Critical criminological theories and perspectives are typically major components of Criminology degree courses. An Introduction to Critical Criminology is the first accessible text on these topics for students of criminology, sociology and social policy. Written by an experienced lecturer who specialises in the topic, it offers an in-depth but accessible introduction to foundational and contemporary theories and perspectives in critical criminology. In doing so, it introduces students to theories and perspectives that challenge mainstream criminological theories about the causes of crime, and the operation of the criminal justice system.
With the inclusion of boxed examples, key points and sample essay questions An Introduction to Critical Criminology is ideal for students of Criminology because it explores in detail a vast array of critical criminological theories and perspectives.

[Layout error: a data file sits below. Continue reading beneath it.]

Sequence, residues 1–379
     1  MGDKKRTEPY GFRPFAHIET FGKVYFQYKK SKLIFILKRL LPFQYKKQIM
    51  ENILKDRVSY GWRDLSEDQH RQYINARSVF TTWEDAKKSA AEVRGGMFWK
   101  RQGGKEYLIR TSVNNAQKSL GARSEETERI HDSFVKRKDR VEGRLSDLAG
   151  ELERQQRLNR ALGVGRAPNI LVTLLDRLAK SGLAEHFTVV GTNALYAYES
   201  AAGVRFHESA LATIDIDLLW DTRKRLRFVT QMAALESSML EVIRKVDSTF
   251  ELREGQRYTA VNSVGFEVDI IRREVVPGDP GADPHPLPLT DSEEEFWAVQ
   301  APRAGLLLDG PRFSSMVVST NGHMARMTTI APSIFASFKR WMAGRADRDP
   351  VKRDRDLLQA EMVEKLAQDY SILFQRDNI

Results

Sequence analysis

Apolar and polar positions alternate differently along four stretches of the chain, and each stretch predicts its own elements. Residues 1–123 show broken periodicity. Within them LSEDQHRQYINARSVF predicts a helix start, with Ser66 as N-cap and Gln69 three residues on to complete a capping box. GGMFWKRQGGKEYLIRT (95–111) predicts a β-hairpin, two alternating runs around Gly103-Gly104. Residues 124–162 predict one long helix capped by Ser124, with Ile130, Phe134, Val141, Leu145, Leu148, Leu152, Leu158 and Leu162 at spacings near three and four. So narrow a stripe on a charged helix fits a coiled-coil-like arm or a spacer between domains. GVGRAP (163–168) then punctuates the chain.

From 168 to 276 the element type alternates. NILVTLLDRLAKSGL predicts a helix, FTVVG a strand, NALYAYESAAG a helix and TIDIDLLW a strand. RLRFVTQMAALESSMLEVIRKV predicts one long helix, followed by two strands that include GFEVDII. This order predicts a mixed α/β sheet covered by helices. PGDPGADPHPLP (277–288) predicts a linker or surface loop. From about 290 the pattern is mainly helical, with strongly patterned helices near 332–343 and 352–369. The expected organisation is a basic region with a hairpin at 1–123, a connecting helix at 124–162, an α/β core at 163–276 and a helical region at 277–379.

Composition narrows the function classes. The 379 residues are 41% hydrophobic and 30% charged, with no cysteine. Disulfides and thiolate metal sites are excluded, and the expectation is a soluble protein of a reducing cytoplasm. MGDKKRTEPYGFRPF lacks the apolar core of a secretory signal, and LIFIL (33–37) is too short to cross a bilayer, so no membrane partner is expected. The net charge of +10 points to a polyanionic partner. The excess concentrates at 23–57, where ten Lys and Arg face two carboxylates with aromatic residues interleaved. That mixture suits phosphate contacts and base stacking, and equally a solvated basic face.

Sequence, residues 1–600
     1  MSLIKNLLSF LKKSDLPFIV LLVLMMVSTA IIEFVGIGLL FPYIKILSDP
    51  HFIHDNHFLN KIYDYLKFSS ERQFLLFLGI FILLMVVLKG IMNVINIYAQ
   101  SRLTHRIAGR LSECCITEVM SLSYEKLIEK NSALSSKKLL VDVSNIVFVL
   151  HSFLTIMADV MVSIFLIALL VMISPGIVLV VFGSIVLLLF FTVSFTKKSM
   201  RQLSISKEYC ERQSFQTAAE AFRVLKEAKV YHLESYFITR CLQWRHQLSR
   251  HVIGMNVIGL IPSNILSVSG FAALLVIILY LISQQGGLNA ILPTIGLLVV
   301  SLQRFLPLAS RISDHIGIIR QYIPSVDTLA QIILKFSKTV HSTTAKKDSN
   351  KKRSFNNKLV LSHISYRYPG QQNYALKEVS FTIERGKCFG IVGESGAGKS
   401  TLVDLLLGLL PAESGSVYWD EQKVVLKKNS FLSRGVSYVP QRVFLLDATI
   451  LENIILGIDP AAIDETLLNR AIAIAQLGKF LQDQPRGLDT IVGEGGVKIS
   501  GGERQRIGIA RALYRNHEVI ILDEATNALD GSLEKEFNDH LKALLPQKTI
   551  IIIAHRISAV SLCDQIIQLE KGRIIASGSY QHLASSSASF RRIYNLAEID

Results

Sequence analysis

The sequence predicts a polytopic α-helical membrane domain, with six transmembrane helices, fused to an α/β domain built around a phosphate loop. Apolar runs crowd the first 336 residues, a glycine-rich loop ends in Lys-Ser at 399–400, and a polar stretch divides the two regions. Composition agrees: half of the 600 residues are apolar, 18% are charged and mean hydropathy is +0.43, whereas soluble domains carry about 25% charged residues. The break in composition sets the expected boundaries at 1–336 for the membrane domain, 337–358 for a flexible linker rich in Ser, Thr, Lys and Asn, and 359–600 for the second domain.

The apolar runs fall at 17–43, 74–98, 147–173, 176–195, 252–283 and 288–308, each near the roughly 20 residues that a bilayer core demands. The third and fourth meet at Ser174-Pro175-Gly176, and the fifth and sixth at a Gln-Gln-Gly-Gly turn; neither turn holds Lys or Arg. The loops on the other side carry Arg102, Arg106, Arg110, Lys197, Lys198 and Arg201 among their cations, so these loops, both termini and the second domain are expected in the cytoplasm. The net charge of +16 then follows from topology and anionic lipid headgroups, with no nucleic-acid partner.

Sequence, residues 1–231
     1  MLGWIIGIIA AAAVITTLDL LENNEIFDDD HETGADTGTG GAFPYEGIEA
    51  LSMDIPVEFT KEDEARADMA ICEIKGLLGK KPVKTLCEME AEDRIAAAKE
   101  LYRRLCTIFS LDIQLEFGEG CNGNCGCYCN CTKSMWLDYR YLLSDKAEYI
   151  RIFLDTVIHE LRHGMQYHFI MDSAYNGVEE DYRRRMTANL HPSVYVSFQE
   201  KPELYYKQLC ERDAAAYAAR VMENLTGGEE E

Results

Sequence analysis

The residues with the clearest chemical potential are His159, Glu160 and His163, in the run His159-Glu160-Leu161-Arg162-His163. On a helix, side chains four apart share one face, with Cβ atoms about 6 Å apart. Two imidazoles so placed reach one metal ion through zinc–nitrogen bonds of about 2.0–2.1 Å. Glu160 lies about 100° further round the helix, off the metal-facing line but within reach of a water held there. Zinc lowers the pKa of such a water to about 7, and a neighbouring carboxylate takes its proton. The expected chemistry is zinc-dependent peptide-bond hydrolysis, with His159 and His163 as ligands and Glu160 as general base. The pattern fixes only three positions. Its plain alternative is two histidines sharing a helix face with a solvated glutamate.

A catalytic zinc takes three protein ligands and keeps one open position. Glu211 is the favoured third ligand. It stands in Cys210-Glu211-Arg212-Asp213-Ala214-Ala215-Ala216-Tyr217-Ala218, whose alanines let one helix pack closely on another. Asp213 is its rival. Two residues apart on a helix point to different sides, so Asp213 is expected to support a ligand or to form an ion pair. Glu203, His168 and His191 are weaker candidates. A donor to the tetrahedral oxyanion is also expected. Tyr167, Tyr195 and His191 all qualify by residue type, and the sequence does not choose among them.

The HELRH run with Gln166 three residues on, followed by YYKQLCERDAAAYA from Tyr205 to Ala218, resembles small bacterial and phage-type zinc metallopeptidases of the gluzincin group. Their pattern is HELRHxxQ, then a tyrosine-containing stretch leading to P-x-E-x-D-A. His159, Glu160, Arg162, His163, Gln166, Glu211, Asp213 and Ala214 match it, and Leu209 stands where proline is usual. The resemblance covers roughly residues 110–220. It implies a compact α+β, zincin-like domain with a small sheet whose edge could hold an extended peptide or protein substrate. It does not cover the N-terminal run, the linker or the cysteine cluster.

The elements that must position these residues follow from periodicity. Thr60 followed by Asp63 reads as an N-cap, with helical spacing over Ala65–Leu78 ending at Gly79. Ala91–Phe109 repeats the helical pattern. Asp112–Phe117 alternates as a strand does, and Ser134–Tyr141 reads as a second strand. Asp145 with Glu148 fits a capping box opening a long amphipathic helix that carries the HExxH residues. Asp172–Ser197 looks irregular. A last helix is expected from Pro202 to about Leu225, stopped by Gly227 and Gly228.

In a critical analysis of conventional understanding, leading authors Claire Davis and Marisa Silvestri present bold new conceptualisations of police leadership.
Drawing on empirical research in criminology, sociology and leadership studies, they present a thoughtful critique of the nature and practice of leadership in contemporary policing. The book:
- Critically explores the identities of leaders and their positions within wider organisational structures and processes;
- Provides a critique of contemporary reform to police professionalisation, training and education, equalities and diversity by situating these developments within wider historical, social and political contexts;
- Draws on critical theory to offer an alternative, challenging and novel interpretation of police leaders as not simply the result of individual experiences and attitudes, but of the social, institutional and historical processes of policing and the cultures that exist within it;
- Points towards future directions and a reimagining of leadership in the police.
Accessible and stimulating, this is an essential text for policing students and valuable reading for current leaders and those interested in policing, criminology and leadership.
There is increasing pressure on the humanities to justify their value and on criminology to undertake interdisciplinary research. In this book, Rafe McGregor establishes a new interdisciplinary methodology, ‘criminological criticism’, harnessing the synergy between literary studies and critical criminology to produce genuine interventions in social reality.